WHEN John King goes aloft in his hot-air balloon, he has only a vague idea of where he will land. "It goes with the wind," the United Airlines pilot said. "It's a massive piece of equipment. It's like a giant spinnaker and it's moving rapidly."

This weekend, King and more than 20 other balloonists from Virginia, Maryland, Pennsylvania and New Jersey will launch their propane-fueled balloons at the 26th annual Hot-Air Balloon Festival at the Flying Circus Air Show in Bealeton, Va. And if all goes well, the balloonists will rise into the air and begin moving quietly through the sky, aiming, they hope, for a pole at the Flying Circus's airfield that holds a prize. The balloonists, King said, will try to grab the prize. "It's difficult; we've given the prize away only once in 25 years."

The hot-air balloon launches will take place between 6:30 and 7 a.m. and again around 5 or so in the afternoon both Saturday and Sunday. The wide spread in times is forced by winds, or rather the lack of them, said King, who organizes the Hot-Air Balloon Festival. "During the early morning hours the winds are typically calm," he said, "and during the last few hours prior to sunset we also look for calm winds." After the balloon show, the Flying Circus offers rides in small planes and even open-cockpit biplanes for $20 and up. Visitors can also take a short ride in a tethered hot-air balloon for $5. (Some hot-air balloonists may take passengers on the morning and evening launches, with the price to be negotiated with each balloonist.) The balloon and airplane rides are offered again after the air show.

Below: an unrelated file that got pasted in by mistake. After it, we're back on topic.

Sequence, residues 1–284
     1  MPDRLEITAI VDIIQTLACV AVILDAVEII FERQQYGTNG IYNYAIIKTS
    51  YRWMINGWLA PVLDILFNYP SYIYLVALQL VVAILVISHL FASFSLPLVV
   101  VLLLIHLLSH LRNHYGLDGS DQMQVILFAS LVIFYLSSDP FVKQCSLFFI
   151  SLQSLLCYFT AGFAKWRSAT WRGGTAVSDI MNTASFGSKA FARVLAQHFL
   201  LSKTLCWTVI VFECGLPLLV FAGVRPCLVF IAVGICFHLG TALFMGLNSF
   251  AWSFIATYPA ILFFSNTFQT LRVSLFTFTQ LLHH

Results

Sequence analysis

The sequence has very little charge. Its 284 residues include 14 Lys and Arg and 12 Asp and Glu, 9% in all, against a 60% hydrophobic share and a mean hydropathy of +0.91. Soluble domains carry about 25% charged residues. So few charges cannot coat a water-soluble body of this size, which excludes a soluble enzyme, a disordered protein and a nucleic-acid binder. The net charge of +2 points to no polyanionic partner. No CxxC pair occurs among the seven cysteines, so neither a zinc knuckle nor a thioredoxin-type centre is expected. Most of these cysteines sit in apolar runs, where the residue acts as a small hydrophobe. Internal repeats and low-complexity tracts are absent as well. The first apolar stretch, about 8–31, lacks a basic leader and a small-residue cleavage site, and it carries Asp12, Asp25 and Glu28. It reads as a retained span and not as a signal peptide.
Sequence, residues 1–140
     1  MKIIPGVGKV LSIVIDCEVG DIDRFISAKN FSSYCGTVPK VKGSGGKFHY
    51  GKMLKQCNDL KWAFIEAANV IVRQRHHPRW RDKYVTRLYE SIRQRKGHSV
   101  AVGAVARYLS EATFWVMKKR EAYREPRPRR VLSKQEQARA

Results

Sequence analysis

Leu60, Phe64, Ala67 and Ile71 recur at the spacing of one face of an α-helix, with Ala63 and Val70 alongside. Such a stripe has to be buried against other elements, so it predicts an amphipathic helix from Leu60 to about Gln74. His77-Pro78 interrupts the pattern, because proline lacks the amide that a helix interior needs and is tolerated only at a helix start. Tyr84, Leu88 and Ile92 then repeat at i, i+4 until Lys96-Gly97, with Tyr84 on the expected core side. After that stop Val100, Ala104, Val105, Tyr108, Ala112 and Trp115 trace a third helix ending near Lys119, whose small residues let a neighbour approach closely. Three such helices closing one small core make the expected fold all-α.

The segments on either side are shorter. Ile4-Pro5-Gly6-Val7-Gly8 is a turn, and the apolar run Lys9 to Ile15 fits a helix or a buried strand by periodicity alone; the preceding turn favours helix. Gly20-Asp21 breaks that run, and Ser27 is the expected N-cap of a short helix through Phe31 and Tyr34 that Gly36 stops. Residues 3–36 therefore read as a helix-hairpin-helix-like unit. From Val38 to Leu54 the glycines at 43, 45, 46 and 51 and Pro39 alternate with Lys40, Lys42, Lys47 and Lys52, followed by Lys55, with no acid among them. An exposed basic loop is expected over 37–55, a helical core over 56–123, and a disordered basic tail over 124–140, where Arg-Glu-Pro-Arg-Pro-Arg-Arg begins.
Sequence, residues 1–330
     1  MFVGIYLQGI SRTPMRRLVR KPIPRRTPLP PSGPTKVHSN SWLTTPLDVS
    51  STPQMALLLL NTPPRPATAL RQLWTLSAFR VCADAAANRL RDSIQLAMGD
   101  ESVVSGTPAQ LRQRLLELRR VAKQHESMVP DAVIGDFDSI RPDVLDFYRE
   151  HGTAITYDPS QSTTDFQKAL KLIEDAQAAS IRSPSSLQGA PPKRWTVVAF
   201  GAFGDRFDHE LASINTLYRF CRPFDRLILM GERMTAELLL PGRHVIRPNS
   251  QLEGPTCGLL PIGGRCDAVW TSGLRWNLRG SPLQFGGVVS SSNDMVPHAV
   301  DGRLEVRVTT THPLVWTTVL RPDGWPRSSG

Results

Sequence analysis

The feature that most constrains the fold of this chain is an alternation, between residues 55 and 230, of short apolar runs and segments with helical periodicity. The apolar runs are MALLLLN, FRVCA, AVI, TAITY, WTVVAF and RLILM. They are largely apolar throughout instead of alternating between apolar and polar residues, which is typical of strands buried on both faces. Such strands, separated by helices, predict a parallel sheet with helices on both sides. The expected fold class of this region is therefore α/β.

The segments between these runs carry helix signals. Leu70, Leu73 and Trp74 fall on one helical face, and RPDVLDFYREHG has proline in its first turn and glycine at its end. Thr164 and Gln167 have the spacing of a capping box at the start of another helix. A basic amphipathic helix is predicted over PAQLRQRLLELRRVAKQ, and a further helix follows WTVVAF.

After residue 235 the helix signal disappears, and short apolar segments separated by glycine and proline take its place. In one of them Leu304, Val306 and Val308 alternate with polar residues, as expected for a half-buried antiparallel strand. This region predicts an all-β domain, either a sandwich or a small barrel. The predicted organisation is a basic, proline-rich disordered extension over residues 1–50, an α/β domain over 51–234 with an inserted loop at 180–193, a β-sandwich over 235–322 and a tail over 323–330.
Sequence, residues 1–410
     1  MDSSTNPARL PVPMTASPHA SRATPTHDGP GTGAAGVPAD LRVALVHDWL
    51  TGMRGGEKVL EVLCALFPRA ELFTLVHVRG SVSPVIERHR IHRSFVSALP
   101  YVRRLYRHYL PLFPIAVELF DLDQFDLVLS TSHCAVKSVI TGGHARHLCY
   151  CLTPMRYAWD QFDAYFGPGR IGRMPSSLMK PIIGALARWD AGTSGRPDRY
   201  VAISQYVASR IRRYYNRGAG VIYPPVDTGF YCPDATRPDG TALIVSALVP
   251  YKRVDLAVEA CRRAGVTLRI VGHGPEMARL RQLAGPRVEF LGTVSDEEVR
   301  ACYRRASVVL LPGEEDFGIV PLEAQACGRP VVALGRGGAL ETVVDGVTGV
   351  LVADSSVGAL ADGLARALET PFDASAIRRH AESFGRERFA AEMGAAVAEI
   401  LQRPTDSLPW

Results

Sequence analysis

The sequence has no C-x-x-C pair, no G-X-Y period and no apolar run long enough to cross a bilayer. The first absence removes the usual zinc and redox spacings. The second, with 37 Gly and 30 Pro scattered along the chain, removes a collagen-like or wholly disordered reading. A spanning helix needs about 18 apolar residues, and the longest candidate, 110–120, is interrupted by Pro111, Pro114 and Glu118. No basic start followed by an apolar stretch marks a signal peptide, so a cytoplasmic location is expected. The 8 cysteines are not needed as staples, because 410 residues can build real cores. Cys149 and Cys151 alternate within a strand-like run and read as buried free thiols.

From 2:30 to 4:30 both days, the Flying Circus Air Show is presented, featuring parachute jumping, formation flying, comedy and acrobatic stunts and even wing-walkers.

Asked where the Flying Circus finds wing-walkers, King said they advertised for them: "Wingwalkers Wanted. No Experience Necessary. Will Train."

"Twenty to 30 people showed up," he said.

King, a 52-year-old pilot of a Boeing 767, admits that he and his son are also wing-walkers. "My son [29-year-old John E. King II] grew up around it. My dad and sister had done it years ago. It was the thing he wanted to do. The main wing-walkers in the air show are Kurt and Jane Wicker."

Asked whether he tells his United passengers that they are flying with a wing-walking pilot, he admitted, "I usually don't mention it."

HOT-AIR BALLOON FESTIVAL -- Hosted by the Flying Circus Air Show on Saturday and Sunday. Balloon launches begin at 6:30 a.m. and around 5 p.m., weather permitting. The All-American Barnstorming Air Show is from 2:30 to 4:30 each day. Admission is $12, $3 children ages 3 through 12 (younger free). Take I-66 west to U.S. 29 south to Warrenton, turn south on Route 17 and then left on Route 644 to the Flying Circus Aerodrome in Bealeton, Va. Call 540/439-8661.